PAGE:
The nature of speed, as perceived by the end user, may be changing. With the rise of server-based applications, more and more programs may turn out to be I/O-bound. It will be worth making I/O fast. The language can help with straight forward measures like simple, fast, formatted output functions, and also with deep structural changes like caching and persistent objects.
Users are interested in response time. But another kind of efficiency will be increasingly important: the number of simultaneous users you can support per processor. Many of the interesting applications written in the future will be server-based, and the number of users per server is the critical question for anyone hosting such applications. In the capital cost of a business offering a server-based application, this is the divisor.
For years, efficiency hasn't mattered much inmost end-user applications. Developers have been able to a.s.sume that users would have increasingly fast processors sitting on their desks. And Parkinson's Law has proven as powerful as Moore's. Software has bloated to consume the resources available. That will change with server-based applications, because hardware and software will be supplied together. For companies that offer server-based applications, it will make a big difference to the bottom line how many users they can support per server.
In some applications, the processor will be the limiting factor, and execution speed will be the most important thing to optimize. But often memory will be the limit; the number of simultaneous users will be determined by the amount of memory you need for each user's data. The language can help here too. Good support for threads will enable all the users to share a single heap. It may also help to have persistent objects and/or language-level support for lazy loading.
The last ingredient a popular language needs is time. No one wants to write programs in a language that might go away, as so many programming languages do. So most hackers will tend to wait until a language has been around for a couple years before even considering it.
Inventors of wonderful new things are often surprised to discover this, but you need time to get any message through to people. A friend of mine rarely does anything the first time someone asks him. He knows that people sometimes ask for things they turn out not to want. To avoid wasting his time, he waits till the third or fourth time he's asked to do something. By then whoever's asking him may be fairly annoyed, but at least they probably really do want whatever they're asking for.
Most people have learned to do a similar sort of filtering on new things they hear about. They don't even start paying attention until they've heard about something ten times. They're perfectly justified: the majority of hot new whatevers do turn out to be a waste of time, and eventually go away. By delaying learning VRML, I avoided having to learn it at all.
So anyone who invents something new has to expect to keep repeating their message for years before people will start to get it. It took us years to get it through to people that Viaweb's software didn't have to be downloaded. The good news is, simple repet.i.tion solves the problem. All you have to do is keep telling your story, and eventually people will start to hear. It's not when people notice you're there that they pay attention; it's when they notice you're still there.
It's just as well that it usually takes a while to gain momentum. Most technologies evolve a good deal even after they're first launched programming languages especially. Nothing could be better for a new technology than a few years of being used only by a small number of early adopters. Early adopters are sophisticated and demanding, and quickly flush out whatever flaws remain in your technology. When you only have a few users you can be in close contact with all of them. And early adopters are forgiving when you improve your system, even if this causes some breakage.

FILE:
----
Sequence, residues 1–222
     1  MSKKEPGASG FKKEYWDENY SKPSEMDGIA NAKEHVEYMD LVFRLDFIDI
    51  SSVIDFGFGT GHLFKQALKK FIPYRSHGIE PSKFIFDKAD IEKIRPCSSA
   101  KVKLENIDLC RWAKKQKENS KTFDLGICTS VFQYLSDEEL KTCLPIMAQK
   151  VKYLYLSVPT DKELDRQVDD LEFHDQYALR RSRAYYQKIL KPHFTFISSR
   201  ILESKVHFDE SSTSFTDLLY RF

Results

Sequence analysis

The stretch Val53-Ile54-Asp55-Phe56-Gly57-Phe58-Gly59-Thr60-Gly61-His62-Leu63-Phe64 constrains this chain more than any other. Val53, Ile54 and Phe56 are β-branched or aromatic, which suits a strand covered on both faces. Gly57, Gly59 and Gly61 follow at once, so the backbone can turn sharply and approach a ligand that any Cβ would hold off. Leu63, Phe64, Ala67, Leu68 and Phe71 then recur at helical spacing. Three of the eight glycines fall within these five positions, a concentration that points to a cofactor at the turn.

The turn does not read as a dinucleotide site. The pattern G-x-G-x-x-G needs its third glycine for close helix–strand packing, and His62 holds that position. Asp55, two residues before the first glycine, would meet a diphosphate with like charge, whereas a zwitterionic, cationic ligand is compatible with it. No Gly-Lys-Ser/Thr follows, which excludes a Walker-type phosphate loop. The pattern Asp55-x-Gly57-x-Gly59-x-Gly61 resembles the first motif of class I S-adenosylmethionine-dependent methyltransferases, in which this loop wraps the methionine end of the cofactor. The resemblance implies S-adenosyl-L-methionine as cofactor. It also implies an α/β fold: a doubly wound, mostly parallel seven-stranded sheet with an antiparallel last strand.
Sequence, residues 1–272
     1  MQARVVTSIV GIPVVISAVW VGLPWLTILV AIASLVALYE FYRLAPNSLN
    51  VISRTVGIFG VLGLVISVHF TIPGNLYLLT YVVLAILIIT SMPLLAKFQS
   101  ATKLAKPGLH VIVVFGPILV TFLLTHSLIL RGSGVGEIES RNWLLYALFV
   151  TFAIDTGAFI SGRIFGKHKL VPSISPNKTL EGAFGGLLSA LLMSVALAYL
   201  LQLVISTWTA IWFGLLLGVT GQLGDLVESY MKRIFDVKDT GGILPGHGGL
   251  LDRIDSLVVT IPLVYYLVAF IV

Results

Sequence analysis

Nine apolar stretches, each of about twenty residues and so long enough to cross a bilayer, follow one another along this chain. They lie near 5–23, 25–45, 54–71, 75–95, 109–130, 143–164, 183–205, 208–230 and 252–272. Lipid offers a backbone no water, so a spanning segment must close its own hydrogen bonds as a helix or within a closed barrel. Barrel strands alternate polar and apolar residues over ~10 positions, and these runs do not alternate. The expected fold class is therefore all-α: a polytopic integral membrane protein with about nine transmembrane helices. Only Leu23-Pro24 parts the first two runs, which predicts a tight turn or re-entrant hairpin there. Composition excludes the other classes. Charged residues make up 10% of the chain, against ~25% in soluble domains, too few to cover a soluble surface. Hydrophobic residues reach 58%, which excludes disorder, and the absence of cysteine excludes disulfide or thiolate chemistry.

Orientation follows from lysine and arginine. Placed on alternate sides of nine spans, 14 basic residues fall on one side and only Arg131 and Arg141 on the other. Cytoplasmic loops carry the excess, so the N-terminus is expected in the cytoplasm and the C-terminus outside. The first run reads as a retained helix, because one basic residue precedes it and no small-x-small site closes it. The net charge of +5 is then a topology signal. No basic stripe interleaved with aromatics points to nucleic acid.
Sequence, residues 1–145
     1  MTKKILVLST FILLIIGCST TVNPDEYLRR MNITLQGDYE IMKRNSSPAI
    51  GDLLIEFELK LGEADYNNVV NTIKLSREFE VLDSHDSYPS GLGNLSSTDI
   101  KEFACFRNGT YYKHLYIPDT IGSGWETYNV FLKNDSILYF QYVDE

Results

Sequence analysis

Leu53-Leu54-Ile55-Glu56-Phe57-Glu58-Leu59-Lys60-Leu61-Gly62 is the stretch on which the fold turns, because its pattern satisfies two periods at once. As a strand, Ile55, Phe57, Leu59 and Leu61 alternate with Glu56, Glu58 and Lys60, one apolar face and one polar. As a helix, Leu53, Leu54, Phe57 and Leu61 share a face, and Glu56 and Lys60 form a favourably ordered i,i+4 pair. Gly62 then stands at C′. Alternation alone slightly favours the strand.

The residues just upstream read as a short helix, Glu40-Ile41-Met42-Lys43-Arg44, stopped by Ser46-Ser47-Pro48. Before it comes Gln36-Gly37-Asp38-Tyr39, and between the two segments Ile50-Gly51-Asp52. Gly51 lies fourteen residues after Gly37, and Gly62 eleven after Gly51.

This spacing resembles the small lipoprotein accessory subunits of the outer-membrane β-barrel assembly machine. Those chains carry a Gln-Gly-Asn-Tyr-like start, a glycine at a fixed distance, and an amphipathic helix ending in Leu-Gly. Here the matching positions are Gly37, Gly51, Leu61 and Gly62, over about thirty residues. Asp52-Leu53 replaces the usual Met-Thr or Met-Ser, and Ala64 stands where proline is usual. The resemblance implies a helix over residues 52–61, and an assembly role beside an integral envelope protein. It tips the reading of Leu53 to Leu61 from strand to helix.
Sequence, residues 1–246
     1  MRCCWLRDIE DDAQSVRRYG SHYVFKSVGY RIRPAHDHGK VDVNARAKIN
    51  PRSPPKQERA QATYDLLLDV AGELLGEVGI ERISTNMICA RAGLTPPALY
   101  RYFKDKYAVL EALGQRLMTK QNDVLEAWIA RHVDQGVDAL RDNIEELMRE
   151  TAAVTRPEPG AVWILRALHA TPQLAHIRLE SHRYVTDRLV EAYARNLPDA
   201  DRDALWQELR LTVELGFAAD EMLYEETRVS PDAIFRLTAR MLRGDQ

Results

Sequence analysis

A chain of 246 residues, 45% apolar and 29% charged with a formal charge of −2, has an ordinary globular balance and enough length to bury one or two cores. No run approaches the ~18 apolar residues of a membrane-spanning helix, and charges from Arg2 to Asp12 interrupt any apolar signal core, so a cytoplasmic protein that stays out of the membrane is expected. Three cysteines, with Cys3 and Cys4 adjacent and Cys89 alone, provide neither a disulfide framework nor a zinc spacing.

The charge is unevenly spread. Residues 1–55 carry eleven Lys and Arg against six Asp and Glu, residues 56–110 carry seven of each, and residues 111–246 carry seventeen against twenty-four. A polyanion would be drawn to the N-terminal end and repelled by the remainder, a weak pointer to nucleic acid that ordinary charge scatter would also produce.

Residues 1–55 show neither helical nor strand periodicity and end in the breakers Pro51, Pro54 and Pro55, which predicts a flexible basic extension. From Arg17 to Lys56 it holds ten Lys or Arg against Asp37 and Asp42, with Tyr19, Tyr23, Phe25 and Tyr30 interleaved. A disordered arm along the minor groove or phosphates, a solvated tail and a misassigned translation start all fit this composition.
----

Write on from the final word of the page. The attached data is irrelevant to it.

There are two ways new technology gets introduced: the organic growth method, and the big bang method. The organic growth method is exemplified by the cla.s.sic seat-of-the-pants underfunded garage startup. A couple guys, working in obscurity, develop some new technology. They launch it with no marketing and initially have only a few (fanatically devoted) users. They continue to improve the technology, and meanwhile their user base grows by word of mouth. Before they know it, they're big.
The other approach, the big bang method, is exemplified by the VC-backed, heavily marketed startup. They rush to develop a product, launch it with great publicity, and immediately (they hope) have a large user base.
Generally, the garage guys envy the big bang guys. The big bang guys are smooth and confident and respected by the VCs. They can afford the best of everything, and the PR campaign surrounding the launch has the side effect of making them celebrities. The organic growth guys, sitting in their garage, feel poor and unloved. And yet I think they are often mistaken to feel sorry for themselves. Organic growth seems to yield better technology and richer founders than the big bang method. If you look at the dominant technologies today, you'll find that most of them grew organically.
This pattern doesn't only apply to companies. You see it in research too. Multics and Ada were big-bang projects, and Unix and C were organic growth projects.
"The best writing is rewriting," wrote E. B. White. Every good writer knows this, and it's true for software too. The most important part of design is redesign. Programming languages, especially, don't get redesigned enough.
To write good software you must simultaneously keep two opposing ideas in your head. You need the young hacker's naive faith in his abilities, and at the same time the veteran's skepticism. You have to be able to think how hard can it be ? with one half of your brain while thinking it will never work with the other.